/// Contextual information associated with the call.</param>
    void ScalarExecuted(DbCommand command, DbCommandInterceptionContext<object> interceptionContext);
  }
}

Let’s derive this interface to the DatabaseLogger class.

FYI, I have added my log information into database. You may insert into file, Excel, anything you want.

You need not worry about the methods Interface itself is very self explanatory. It has 6 methods, which you can see I have derived and check comments to understand each scenario.

//this file is used to log the database operations it checks
//the query execution time and than insert if it takes more than one second.
 //to disable it remove its registry from TeamPassDbContext default constructor
 public class DatabaseLogger : IDbCommandInterceptor
 {
     static readonly ConcurrentDictionary<DbCommand,
     DateTime> MStartTime = new ConcurrentDictionary<DbCommand, DateTime>();

     public void NonQueryExecuted(DbCommand command,
     DbCommandInterceptionContext<int> interceptionContext)
     {
         //executed state
         Log(command, interceptionContext);
     }

     public void NonQueryExecuting(DbCommand command,
     DbCommandInterceptionContext<int> interceptionContext)
     {
         //executing state
         OnStart(command);
     }

     public void ReaderExecuted(DbCommand command,
     DbCommandInterceptionContext<DbDataReader> interceptionContext)
     {
         //reader executed state
         Log(command,interceptionContext);
     }

     public void ReaderExecuting(DbCommand command,
     DbCommandInterceptionContext<DbDataReader> interceptionContext)
     {
         //reader executing state
         OnStart(command);
     }

     private static void Log<T>(DbCommand command,
     DbCommandInterceptionContext<T> interceptionContext)
     {
         DateTime startTime;
         TimeSpan duration;
         //Removing from dictionary and calculating time
         MStartTime.TryRemove(command, out startTime);
         if (startTime != default(DateTime))
         {
             duration = DateTime.Now - startTime;
         }
         else
             duration = TimeSpan.Zero;

         const int requestId = -1;

         var parameters = new StringBuilder();
         foreach (DbParameter param in command.Parameters)
         {
             parameters.AppendLine(param.ParameterName + " " +
             param.DbType + " = " + param.Value);
         }

         var message = interceptionContext.Exception == null ?
         $"Database call took {duration.TotalSeconds.ToString("N3")} sec.
         RequestId {requestId} \r\nCommand:\r\n{parameters + command.CommandText}" :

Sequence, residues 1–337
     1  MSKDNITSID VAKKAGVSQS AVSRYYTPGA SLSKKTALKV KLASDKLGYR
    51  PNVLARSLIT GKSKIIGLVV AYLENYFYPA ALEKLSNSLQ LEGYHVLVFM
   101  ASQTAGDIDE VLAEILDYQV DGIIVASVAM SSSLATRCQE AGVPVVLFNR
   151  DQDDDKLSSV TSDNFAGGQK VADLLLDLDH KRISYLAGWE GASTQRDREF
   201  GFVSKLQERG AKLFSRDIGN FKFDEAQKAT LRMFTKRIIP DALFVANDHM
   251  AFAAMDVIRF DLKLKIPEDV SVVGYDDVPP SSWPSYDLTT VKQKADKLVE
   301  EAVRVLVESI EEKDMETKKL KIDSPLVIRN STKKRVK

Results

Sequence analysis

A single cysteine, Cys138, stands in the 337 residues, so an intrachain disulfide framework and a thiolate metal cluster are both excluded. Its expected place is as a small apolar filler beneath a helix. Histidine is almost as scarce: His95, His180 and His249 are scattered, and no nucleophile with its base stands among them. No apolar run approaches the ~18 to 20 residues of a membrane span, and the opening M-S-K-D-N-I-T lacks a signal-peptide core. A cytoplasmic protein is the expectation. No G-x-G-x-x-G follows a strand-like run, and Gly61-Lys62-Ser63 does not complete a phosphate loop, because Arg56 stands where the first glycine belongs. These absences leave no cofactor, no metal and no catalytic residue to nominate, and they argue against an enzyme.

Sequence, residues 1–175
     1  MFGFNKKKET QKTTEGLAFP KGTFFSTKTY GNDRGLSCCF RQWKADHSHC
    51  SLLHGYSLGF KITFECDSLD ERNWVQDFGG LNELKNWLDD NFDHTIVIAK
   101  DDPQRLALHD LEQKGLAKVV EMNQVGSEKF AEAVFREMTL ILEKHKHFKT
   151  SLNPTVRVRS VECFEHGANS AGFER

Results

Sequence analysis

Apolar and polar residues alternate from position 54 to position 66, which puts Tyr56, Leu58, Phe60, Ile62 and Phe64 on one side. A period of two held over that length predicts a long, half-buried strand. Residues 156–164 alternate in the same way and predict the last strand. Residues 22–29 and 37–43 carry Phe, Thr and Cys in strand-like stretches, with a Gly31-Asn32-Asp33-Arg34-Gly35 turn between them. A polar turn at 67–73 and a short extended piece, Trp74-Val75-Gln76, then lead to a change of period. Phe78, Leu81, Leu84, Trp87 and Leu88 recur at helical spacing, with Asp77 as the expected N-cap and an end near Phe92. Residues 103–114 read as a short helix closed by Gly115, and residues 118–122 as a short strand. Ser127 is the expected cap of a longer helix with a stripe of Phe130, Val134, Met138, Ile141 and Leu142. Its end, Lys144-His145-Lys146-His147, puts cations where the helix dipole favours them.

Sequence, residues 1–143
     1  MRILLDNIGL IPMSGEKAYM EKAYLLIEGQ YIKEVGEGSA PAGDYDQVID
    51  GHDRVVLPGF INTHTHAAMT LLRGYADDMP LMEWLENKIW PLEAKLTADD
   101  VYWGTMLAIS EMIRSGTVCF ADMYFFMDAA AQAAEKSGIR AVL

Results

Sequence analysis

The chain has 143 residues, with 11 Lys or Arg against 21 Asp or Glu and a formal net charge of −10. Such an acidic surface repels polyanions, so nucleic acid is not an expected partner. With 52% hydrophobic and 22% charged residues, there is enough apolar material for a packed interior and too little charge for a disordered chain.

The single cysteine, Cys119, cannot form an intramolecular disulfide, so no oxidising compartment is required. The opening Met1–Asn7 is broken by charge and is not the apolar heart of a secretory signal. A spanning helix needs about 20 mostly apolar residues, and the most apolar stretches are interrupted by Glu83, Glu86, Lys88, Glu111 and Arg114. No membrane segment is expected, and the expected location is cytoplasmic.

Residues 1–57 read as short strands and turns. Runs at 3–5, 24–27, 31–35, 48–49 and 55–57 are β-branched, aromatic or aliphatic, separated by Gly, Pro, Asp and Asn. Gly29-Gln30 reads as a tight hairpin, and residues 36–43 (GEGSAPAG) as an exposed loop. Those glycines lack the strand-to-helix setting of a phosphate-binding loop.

$"EF Database call failed after {duration.TotalSeconds.ToString("N3")} sec.
         RequestId {requestId} \r\nCommand:\r\n{parameters.ToString() +
         command.CommandText}\r\nError:{interceptionContext.Exception} ";

         //Ignoring some queries which runs perfectly
         if (duration.TotalSeconds>1 || message.Contains("EF Database call failed after "))
         {
             //The time taken is more or it contains error so adding that to database
             using (DbContext dbContext = new DbContext())
             {
                 //using error model class
                 Error error = new Error
                 {
                     TotalSeconds = (decimal)duration.TotalSeconds,
                     Active = true,
                     CommandType = Convert.ToString(command.CommandType),
                     CreateDate = DateTime.Now,
                     Exception = Convert.ToString(interceptionContext.Exception),
                     FileName = "",
                     InnerException = interceptionContext.Exception == null ?
                     "" : Convert.ToString(interceptionContext.Exception.InnerException),
                     Parameters = parameters.ToString(),
                     Query = command.CommandText,
                     RequestId = 0
                 };
                 //Adding to database
                 dbContext.Errors.Add(error);
                 dbContext.SaveChanges();
             }

             //var errorFileUrl = ;
             //File.WriteAllLines(, message);
         }
     }

     public void ScalarExecuted
     (DbCommand command, DbCommandInterceptionContext<object> interceptionContext)
     {
         //Log and calculate after executed
         Log(command, interceptionContext);
     }

     public void ScalarExecuting
     (DbCommand command, DbCommandInterceptionContext<object> interceptionContext)
     {
         //adding to dictionary when executing
         OnStart(command);
     }
     private static void OnStart(DbCommand command)
     {
         //adding to dictionary when executing
         MStartTime.TryAdd(command, DateTime.Now);
     }
 }

Now, I am registering this class to dbcontext. What it does is, It tells entity framework to use this class for logging database operations.

public DbContext(): base("name=connectionstring")
       {
           //TODO remove this when don't need to log anything
           DbInterception.Add(new DatabaseLogger());
       }

Everything is set up now. You can make an Error model class like this. (This is the code-first model class.)

public class Error
  {
      [Key]
      [Required]
      public int ErrorId { get; set; }
      public string Query { get; set; }
      public string Parameters { get; set; }
      public string CommandType { get; set; }
      public decimal TotalSeconds { get; set; }
      public string Exception { get; set; }
      public string InnerException { get; set; }
      public int RequestId { get; set; }
      public string FileName { get; set; }
      public DateTime CreateDate { get; set; }
      public bool Active { get; set; }
  }

You can see the error logs here

2

Technically, there are many approaches to log your database operations. But, I think this should be centralized to reduce the load. That is why I used this approach.